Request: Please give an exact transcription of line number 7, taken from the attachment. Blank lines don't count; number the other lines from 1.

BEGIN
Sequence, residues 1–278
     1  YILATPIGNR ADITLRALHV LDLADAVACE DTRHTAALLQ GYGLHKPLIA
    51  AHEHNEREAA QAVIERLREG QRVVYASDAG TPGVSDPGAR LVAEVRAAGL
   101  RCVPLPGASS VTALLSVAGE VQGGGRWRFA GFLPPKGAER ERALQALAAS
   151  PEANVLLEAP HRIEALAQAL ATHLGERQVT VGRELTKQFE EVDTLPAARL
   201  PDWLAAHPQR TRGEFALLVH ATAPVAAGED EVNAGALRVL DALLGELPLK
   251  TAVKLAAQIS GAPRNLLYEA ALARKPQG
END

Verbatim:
   251  TAVKLAAQIS GAPRNLLYEA ALARKPQG